Worth numbered couture coat, c.1910
This superlative numbered coat by Jean-Philippe Worth is in a class of its own. The bold Persian-style design is a triumphant statement of art for art's. The magnificent coat would be the centerpiece of any collection in or out of museum even if it did not come from the greatest name in fashion history.
Charles Frederick Worth died in 1895, when Jean-Philippe became head designer. As a young man, he had studied under painter Camille Corot. For at least 10 years prior to his father's death, Jean-Philippe designed alongside Charles. Paul Poiret considered Jean-Philippe to be a more creative couturier than his famous father.
The coat was made from cranberry red wool broadcloth with a satin-finish-smooth pile. The border design is appliquéd with rose velvet outlined with silver braided cord. The color of the velvet trim shifts from rose to burgundy depending on the reflection of light on the pile.
With a circular cut, the spectacular coat is smooth across the shoulders, falling to the hem in deep folds. The ethnic-inspired, wide pointed sleeves terminate in elaborately braided tassels. The three hooks on the high stand-up collar are the only closure. The coat is lined with gray silk.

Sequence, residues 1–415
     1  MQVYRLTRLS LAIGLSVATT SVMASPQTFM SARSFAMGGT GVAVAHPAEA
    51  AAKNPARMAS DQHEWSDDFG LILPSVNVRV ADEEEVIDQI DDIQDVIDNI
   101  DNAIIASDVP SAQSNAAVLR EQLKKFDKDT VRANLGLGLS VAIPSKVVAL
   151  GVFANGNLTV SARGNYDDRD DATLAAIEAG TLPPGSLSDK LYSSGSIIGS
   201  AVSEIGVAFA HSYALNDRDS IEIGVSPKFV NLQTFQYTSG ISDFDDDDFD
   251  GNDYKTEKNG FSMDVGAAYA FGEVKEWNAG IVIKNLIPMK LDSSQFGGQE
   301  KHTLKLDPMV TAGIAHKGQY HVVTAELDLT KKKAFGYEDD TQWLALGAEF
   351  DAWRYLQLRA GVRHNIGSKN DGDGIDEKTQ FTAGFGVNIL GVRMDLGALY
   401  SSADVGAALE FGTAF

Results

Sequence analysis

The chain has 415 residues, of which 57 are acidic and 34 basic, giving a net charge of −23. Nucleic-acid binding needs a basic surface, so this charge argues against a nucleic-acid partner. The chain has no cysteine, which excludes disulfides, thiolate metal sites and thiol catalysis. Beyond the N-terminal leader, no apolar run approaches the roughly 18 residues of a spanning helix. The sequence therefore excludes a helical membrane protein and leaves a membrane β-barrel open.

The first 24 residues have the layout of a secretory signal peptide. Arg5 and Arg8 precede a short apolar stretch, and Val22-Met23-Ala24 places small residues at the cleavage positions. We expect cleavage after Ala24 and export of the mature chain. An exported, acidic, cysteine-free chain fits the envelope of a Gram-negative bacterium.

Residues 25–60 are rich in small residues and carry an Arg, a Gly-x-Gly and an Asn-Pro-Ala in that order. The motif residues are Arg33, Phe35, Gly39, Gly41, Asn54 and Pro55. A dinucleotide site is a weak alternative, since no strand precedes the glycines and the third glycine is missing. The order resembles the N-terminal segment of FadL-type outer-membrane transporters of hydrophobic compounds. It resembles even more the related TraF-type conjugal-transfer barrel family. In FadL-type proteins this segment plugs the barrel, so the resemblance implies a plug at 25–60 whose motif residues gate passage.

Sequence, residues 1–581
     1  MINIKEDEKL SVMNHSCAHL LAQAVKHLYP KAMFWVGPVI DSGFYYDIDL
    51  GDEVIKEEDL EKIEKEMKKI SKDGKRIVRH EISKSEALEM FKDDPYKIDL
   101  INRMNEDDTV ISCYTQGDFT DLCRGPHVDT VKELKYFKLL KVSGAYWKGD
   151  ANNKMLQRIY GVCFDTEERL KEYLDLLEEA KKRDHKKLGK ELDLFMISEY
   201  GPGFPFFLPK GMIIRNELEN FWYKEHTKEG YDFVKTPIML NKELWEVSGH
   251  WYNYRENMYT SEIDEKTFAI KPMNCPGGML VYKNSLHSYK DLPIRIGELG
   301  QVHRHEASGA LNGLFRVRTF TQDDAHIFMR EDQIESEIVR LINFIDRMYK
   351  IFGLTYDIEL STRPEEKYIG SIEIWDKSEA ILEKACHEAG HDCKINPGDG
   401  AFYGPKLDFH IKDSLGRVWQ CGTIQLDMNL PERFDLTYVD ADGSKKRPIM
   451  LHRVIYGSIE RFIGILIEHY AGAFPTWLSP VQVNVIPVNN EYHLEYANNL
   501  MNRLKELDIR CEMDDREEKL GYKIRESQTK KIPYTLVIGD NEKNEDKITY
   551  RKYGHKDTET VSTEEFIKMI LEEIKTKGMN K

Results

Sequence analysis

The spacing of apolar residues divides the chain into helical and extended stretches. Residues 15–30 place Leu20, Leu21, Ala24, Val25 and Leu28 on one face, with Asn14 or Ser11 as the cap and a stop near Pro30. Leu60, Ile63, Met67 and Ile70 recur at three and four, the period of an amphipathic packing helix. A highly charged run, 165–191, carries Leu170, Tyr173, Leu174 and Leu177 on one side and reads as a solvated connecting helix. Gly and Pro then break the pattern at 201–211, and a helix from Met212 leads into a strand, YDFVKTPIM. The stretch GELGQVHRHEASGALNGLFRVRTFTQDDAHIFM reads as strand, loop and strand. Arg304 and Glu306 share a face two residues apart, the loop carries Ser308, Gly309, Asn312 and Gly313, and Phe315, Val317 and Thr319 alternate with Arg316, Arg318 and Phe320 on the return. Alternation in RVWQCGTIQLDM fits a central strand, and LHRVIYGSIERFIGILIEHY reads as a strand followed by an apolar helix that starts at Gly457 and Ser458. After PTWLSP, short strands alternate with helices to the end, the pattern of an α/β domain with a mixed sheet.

With larger-than-life botehs, the Persian-style border design is an exceptional realization of the aesthetic of Orientalism, then gaining recognition among the cognoscenti. Here the boteh motifs—plain cloth surrounded by appliqué—appear in a negative (or reverse) pattern.
Jean-Philippe's teacher, the great painter Camille Corot, would have been proud of his pupil's accomplishment—a sumptuous evening coat that combines the luxurious exoticism of the East with the peerless styling of Paris haute couture.
Here I must confess to a fashion heterodoxy. I sometimes prefer the work of Jean-Philippe to that of Charles Frederick, the founder of modern couture. Indeed in his time, Jean-Philippe was as well known to the public as was Charles Frederick in the late 19th century. Jean-Philippe appeared on the cover of the 8/13/1928 issue of Time Magazine.
Charles Worth built his reputation on the ultra-formal court dresses he created for the Empress Eugénie and for the aristocracy. For slightly less formal occasions, I find Jean-Philippe's lighter touch more appealing than Charles Frederick's gilded opulence.
The label reads C Worth. It is backed with a taped label stamped with design number 25806. You need only one such coat in your collection—even if it is the entire collection :-)
The condition is very good. The coat has a few tiny moth nibbles; the lining has splits. These minor problems do not detract from the peerless design.
It is 48" long at the center-back.